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The Hoodoos of Bryce Canyon Utah: You don't have to hike to love Bryce

Looking down from the rim trail of Bryce Amphitheater stretches a huge panorama much wider than the eye can see. Huge fairy spires, hoodoos, tent rocks, whatever one chooses to call them, stretch upwards from the basin floor. The complicated facts of their geology can never prepare a visitor for the playland of upthrusts in earth-hued colors, some as tall as 10 stories.

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Hoodoos have another meaning -- they are also magical spells, and these geological marvels are well-named. To see them is to believe something bewitching had occurred.

It was a complicated bit of geological prestidigitation that turned limestone sediment into hoodoos. The first step involves transforming the sediment into stone (called lithification). You also need different layers of limestone to get the multi-color effect. Then add many cycles of freezing and thawing to crack the stone apart at weak points. Add doses of heavy rains to remove the debris and dissolve some of the edges of the remaining rock. You can also form some window formations and watch the break apart. Repeat until you have Bryce Canyon National Park. Step back and prepare to be astounded.

Although found in other parts of the USA and the world (Hoodoos are a tourist attraction in the Cappadocia region of Turkey) there is no greater concentration anywhere on earth than in Bryce Canyon.

Bryce is Accessible

Bryce is definitely a user-friendly park. Even if the altitude saps your hiking strength, or you are more a stroller than a hiker, at Bryce you can do a drive and walk to see the astounding overlooks. There are plenty of short segments of trails and walks, and the park has been designed to be easy to drive to almost all of them along the main road.Park the car, walk to the overlook and drive on to the next. In fact, many of the viewpoints as well as the trail between Sunset and Sunrise points are wheelchair accessible.

Bryce Amphitheater is the largest in the park. You can walk along the rim trail from one overlook to another for a stream of gorgeous panoramas, drive from one to the other, or do a combination. You'll be about 8000 feet above sea level at Bryce and if you're used to lower altitudes, remember to pause and take deep breaths.

Bryce Amphitheater Trails

The Rim Trail links Sunrise Point, Sunset Point, Inspiration Point and Bryce Point but there is an altitude gain along the way 8017 at Sunrise Point to 8296 at Bryce Point.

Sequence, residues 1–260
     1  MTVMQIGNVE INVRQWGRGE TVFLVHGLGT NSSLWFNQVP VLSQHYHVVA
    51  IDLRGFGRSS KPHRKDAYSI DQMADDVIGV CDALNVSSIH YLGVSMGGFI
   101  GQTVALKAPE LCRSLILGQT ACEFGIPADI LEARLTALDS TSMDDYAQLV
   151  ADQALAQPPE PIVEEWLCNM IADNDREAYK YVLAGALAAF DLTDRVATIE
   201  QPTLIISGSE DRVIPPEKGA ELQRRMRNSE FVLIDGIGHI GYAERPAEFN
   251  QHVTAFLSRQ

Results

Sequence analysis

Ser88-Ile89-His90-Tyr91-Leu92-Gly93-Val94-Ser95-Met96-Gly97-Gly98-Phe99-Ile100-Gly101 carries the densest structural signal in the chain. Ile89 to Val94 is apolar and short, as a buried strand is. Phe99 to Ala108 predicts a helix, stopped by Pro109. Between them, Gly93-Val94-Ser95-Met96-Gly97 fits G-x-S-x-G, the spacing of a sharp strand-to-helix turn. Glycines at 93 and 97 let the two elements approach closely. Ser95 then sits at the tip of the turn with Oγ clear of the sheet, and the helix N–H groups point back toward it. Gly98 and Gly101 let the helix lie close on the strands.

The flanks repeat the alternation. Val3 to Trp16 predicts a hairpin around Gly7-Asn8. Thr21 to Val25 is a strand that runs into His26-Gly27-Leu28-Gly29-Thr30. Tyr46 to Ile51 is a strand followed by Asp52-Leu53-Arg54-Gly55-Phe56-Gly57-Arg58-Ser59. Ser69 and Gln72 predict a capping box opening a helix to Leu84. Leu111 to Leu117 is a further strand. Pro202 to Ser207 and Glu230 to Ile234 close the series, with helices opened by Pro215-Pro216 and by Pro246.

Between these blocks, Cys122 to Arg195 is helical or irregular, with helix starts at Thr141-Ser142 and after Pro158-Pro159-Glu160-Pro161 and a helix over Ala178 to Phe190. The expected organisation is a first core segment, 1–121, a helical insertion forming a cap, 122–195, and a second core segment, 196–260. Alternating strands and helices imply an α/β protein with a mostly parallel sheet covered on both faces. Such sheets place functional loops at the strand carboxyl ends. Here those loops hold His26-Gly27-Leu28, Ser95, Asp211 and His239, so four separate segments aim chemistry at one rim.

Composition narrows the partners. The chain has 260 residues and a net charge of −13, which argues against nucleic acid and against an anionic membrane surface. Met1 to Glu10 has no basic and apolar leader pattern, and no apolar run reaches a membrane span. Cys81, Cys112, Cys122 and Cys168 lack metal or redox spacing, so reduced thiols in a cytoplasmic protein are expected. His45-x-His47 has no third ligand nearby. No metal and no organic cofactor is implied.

If you're a hiker, enjoy one of the trails down into the ampitheater, or some of the the other trails in the park. Pick up a map and trail description at the Visitors Center. If you have the stamina, you can pick up the Queens Garden Trail at Sunrise Point. This will take you down to the bottom of the amphitheater where you'll be able to look up at the foot of the hoodoos. This 2 mile (round trip) trail is considered the least difficult descent trail. The Navajo Loop trail, accessed at Sunset Point, is shorter (1.3 mile round trip) but the hike is steeper.

A totally different view can be found at Natural Bridge. It's only a few steps from the parking lot to the overlook but you'll see the pretty Natural Bridge, which is actually more of an arch, formed like most arches by rain and cycles of frost. It is possible in a gazillion years it will be another striking hoodoo and you'll have seen it "before" the change.

If You Go

Bryce Canyon Lodge: Within the park

Bryce is one of the very few International Dark Skies parks in the United States, making it perfect for star-gazing. The Lodge at Bryce Canyon is the only lodging within Bryce. If you are a star-gazer this might be a good lodging choice.

Outside Bryce Canyon

The town of Bryce Canyon City is at the edge of the park providing not only easy access, but with easy access to the National Park Shuttle that runs May through September every 15 minutes. It stops at the Visitor Center and viewpoints of many of the scenic spots. The shuttle is free with park entrance fee.

There are two lodging options in town. I stayed at the Bryce Canyon Grand Hotel, a Best Western Plus, and can happily recommend it. The breakfast was free and far superior to the usual complimentary breakfasts. Rooms were comfortable and the hotel itself is comfortably and beautifully rustic. It doesn't have an associated restaurant but there are several dining options near the hotel. The town also offers opportunities for trail rides, mountain bike rentals and ATV tours.

If you're RVing, Ruby's Inn -- RV Park -- Campground is also well-located near Bryce Canyon. You can learn more about Bryce Canyon City, and attractions/activities in the area at their official tourism site Bryce Canyon Country You can also download their free interactive Bryce Canyon Country Tour App at

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Neala McCarten

Unless otherwise indicated, all photos by the author

Updated: August 7, 2016

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